|May 13, 2004|
|Life Extension Update Exclusive |
Soy extract may help prevent colon cancer
In the current study, mice who were administered the colon carcinogen DHM were provided with diets containing 0.025 percent or 0.1 percent soy GlcCer: amounts comparable to that found in soybeans. The investigators found that the compound reduced colonic cell proliferation in the upper half of the crypts by 50 percent when compared to animals who did not receive the compound. (Crypts are the indentations in the walls of the colon in which cells grow and replicate.) Aberrant crypt foci, which are an early marker of colon cancer, were reduced by 38 percent in the mice who received diets containing 0.025 percent soy GlcCer and 52 percent in those who received the 0.1 percent diet.
When mice bred to develop gastrointestinal cancer were administered the soy GlcCer enhanced diets, tumor formation was reduced by 22 percent in those who received the lower concentration and 37 percent in those who received the higher concentration of the compound.
Unlike many nutrients that are broken down in the digestive tract, soy GlcCer survives digestion which enables it to exert its cancer-fighting mechanism in the colon. Its mechanism of action appears to be that of lowering beta-catenin, a protein involved in cell growth.
Dr Miller commented, “Soy is known to have a number of health benefits, including the suppression of cancer. Based on our results, some of this benefit may be due to a group of molecules known as sphingolipids. We are looking for even more potent forms of these molecules that might be effective for cancer treatment. If naturally occurring sphingolipids like soy GlcCer suppress cancer in humans, this has the potential to allow the public to select their diets in a more rational way.”
Folate is a potentially protective agent against colorectal cancer. Folate depletion in experimental studies increases the risk of tumor formation and also reduces DNA methylation by reducing methyl group availability. Low folate intake, especially when combined with alcohol consumption and a low-protein diet, has been implicated in increased colorectal cancer risk (Kato et al. 1999). Alcohol consumption increases the need for folate intake. Dietary folate influences DNA methylation, synthesis, and repair. Abnormalities in these DNA processes may enhance carcinogenesis, particularly in rapidly growing tissues such as the colorectal mucosa. DNA methylation abnormalities may influence the expression of cancer-related genes, and inadequate levels of folate may lead to uracil misincorporation into DNA and to DNA damage (chromosomal breaks) (Feinberg et al. 1983; Lengauer et al. 1997). An increasing number of epidemiologic studies indicate that higher intakes of folate either from dietary sources or from supplements may lower the risk of colorectal adenoma and cancer (Giovanucci 2002). After supplementing with folate-containing multivitamins for 15 years a reduced risk of colon cancer was observed (Giovannuci et al. 1998) whereas the contribution of dietary folate was modest.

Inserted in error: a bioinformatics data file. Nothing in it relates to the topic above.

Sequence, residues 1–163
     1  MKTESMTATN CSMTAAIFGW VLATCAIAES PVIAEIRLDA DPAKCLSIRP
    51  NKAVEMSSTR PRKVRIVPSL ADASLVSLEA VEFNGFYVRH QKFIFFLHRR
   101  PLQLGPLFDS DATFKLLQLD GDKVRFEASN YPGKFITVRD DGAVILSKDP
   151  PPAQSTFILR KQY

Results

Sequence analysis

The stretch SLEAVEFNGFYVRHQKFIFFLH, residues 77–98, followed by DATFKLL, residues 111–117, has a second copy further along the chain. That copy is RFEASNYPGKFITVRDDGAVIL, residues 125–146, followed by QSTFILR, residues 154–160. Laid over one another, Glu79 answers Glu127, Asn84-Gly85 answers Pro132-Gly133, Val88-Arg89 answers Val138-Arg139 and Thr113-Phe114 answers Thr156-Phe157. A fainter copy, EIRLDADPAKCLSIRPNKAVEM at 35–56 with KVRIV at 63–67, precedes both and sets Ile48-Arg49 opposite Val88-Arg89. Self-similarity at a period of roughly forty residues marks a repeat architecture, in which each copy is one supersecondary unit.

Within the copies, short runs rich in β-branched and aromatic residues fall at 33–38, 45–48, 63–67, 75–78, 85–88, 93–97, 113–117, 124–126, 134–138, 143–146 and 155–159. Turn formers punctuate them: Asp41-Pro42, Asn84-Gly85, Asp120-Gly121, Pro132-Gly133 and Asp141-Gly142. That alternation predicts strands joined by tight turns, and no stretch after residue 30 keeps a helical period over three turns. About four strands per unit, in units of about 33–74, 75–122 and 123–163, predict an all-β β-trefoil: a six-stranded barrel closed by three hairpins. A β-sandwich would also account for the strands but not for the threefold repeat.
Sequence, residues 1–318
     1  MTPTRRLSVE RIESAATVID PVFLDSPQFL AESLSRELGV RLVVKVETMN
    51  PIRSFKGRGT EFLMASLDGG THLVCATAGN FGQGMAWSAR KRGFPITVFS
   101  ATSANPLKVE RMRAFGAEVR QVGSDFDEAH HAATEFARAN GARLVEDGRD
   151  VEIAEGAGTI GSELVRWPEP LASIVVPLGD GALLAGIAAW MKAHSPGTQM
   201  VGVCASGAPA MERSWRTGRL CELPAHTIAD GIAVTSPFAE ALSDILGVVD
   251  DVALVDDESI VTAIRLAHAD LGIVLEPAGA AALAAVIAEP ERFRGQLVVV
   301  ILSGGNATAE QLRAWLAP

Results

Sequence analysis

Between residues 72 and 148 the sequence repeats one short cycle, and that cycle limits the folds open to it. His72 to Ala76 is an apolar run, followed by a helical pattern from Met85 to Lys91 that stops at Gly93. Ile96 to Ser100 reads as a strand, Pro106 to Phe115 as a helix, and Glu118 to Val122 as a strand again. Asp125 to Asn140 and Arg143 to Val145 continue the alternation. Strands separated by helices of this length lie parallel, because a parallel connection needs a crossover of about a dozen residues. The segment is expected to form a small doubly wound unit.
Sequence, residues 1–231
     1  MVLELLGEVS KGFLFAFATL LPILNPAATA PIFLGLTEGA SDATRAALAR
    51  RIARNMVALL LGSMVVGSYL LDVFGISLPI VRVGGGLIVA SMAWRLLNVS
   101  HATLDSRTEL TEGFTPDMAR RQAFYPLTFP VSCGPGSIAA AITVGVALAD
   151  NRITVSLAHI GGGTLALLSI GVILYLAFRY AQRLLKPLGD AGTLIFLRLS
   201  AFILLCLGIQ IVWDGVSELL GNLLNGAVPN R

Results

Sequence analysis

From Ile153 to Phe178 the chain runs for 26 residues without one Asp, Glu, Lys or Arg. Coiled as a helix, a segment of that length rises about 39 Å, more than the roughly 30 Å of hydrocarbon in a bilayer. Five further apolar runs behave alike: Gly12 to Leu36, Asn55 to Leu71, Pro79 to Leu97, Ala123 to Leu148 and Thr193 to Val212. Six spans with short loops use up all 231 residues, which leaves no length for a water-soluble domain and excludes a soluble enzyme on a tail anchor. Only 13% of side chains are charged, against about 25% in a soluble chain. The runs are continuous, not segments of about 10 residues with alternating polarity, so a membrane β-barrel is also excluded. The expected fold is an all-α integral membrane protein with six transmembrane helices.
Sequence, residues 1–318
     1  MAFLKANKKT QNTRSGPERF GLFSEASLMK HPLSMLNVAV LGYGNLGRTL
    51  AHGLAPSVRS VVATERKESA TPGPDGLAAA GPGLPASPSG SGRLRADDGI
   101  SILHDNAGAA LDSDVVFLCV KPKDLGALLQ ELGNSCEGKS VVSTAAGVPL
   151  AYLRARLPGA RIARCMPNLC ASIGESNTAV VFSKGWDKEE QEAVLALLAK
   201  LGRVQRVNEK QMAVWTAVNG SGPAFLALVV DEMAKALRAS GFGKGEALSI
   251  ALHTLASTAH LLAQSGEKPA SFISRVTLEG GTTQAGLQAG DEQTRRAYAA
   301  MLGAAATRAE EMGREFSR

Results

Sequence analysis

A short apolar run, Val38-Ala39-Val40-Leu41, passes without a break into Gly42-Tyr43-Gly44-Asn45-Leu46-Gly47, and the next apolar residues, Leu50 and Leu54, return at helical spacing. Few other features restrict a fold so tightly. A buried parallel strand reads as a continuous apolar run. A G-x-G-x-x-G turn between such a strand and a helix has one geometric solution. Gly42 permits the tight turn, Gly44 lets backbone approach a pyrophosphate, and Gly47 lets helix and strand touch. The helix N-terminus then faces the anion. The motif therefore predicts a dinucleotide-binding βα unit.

Increased vitamin D intake has been associated with reduced risk for colon carcinoma (Garland et al. 1999). Vitamin D3 causes differentiation of colon cancer cells. Cancer cells that are well differentiated are close to the original normal healthy colon cells in nature and are usually less aggressive cancer cells. Poorly differentiated cells have changed more from the normal healthy cells and are usually more aggressive cancer cells. Total vitamin D intake was inversely related to colorectal cancer incidence (Martinez 1996), meaning the higher an individual’s intake of vitamin D the lower the rate of colorectal cancer.
In high-risk individuals, the use of multivitamins has been shown to reduce the risk of adenoma formation (Whelan 1999). A reduced risk of colon cancer is associated with the use of vitamin C (Howe et al. 1992). Vitamins C, E, and A showed protection against the risk of developing colorectal cancer (Newberne et al. 1999). Low levels of selenium correlated with the presence of adenomas (benign tumors), whereas increased levels were associated with reduced risk of adenomas (Russo et al. 1997). Intervention trials have found a beneficial effect of selenium supplementation (Lipman et al. 1998). There is an association between iron exposure and colorectal polyps (Bird et al. 1996).
Using Soy Power Powder is an inexpensive way to gain the nutritional benefits of soy proteins and fatty acids at the same time as obtaining the health benefits of potent amounts of soy isoflavones. The average isoflavone breakdown of 15 grams of Soy Power shown below was determined by an independent assay. That result shows that consuming one to two tablespoons of Soy Power Powder daily will supply more isoflavones than the average daily Japanese diet.
Calcium is a major essential mineral that is often inadequately supplied, inefficiently absorbed, or excreted faster than it is being assimilated. The citrate salt of calcium has been documented to be well absorbed and utilized by the body. Calcium is important in maintaining bone mineral density and in blocking the absorption into the bloodstream of free radical generating iron. Vitamin D3 is included to enhance calcium absorption and utilization.
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